If this information becomes available, it will allow financial institutions and companies to incorporate nature-related risks and opportunities into their strategic planning, risk management, and asset allocation decisions. Conversations on the value of nature and biodiversity will likely increase over the next few years and firms should consider this concept in their wider sustainability thinking.

However, the TNFD is not seeking to create a new disclosure standard, but rather promote global consistency for nature-related reporting. It will also leverage the structure of the TCFD, so both can be adopted by regulators and market participants.

The focus in this area has mainly been on deforestation, but we're likely to see a broader reach this year – the oceans and marine biodiversity will begin to surface.

Stakeholders and developing regulatory requirements will also start to demand that firms incorporate their impact on biodiversity and take mitigating actions into their transition plans.

Global disclosure accounting frameworks

The IFRS unveiled the International Sustainability Standards Board (ISSB) at COP26, with work beginning in 2022. The board is tasked with building a global standard of robust disclosure requirements. The creation of the ISSB signals first step towards a standardised framework for sustainability-linked disclosures.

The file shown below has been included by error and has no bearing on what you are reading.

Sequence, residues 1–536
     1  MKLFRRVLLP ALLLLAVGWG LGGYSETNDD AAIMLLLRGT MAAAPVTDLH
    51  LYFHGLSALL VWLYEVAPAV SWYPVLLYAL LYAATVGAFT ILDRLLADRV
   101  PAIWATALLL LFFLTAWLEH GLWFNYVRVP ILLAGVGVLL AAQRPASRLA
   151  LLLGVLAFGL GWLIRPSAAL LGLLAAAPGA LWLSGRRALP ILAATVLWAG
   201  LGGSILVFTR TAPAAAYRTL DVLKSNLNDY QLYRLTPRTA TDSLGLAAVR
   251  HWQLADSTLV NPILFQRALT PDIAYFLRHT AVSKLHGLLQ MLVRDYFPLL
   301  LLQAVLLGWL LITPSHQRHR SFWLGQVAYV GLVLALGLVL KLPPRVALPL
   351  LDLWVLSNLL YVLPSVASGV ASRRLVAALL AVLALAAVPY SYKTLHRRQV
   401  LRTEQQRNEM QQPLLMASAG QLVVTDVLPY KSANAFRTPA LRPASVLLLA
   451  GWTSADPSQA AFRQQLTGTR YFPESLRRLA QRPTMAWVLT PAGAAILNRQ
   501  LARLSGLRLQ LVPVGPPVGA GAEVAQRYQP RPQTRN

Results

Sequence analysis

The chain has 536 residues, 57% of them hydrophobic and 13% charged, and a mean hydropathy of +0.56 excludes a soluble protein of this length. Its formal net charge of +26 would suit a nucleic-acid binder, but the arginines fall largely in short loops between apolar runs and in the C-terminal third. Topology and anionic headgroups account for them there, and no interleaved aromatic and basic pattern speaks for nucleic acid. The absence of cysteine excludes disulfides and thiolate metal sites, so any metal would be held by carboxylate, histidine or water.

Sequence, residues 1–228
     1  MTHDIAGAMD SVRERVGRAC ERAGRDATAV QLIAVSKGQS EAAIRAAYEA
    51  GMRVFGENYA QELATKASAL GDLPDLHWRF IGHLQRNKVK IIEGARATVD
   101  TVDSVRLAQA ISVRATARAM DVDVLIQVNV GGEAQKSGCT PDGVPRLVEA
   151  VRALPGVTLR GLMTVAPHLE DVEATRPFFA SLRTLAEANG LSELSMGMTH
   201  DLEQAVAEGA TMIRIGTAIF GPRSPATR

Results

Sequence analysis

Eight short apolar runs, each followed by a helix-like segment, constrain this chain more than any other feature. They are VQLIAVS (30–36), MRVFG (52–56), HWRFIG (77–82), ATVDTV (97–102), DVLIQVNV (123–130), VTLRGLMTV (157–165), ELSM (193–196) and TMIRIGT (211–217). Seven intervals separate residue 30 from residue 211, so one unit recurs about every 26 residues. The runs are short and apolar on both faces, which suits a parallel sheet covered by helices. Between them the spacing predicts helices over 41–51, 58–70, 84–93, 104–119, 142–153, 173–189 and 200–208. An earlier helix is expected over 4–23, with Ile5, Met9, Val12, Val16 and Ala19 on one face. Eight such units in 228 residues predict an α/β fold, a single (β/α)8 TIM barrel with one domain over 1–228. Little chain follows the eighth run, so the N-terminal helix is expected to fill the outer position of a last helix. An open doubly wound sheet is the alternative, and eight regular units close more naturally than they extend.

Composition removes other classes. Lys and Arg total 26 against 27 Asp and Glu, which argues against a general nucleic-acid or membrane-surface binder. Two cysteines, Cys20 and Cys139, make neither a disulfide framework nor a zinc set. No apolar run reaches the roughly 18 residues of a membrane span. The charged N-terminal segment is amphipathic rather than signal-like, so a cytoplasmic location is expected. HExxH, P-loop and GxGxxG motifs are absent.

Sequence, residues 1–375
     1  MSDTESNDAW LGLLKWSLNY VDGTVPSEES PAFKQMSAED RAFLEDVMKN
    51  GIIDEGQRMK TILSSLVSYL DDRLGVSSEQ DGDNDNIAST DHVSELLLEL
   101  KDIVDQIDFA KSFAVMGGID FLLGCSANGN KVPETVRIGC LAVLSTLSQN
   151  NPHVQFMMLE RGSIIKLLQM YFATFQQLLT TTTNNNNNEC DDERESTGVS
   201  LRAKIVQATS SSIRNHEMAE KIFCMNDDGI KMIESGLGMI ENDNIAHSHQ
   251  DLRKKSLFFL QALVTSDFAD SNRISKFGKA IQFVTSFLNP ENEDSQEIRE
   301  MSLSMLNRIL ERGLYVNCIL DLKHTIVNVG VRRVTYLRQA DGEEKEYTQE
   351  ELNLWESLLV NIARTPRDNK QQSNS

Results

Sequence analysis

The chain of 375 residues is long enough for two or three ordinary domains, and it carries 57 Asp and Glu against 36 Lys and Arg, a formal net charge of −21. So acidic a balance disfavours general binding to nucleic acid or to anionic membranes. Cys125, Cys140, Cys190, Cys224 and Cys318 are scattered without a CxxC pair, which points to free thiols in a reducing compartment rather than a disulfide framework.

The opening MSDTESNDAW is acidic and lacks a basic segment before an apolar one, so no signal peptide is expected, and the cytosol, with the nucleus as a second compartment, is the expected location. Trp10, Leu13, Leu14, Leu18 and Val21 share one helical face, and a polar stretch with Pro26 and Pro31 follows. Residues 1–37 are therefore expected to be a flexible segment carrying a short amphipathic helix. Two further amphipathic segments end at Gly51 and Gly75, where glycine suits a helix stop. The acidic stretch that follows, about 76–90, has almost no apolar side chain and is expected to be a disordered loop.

Conversations around a globally accepted ESG disclosure standard will pick up this year, as national governments and regulators make this an area of priority. The ISSB has already issued its first consultation on two proposed sustainability Standards. The first one sets out general sustainability-related disclosure requirements and the other specifies climate-related disclosure requirements.

Organisations should keep an eye on the ISSB and any standards that it puts forward, as they are interlinked to other disclosure initiatives, such as the TCFD and will influence the development of other national measures.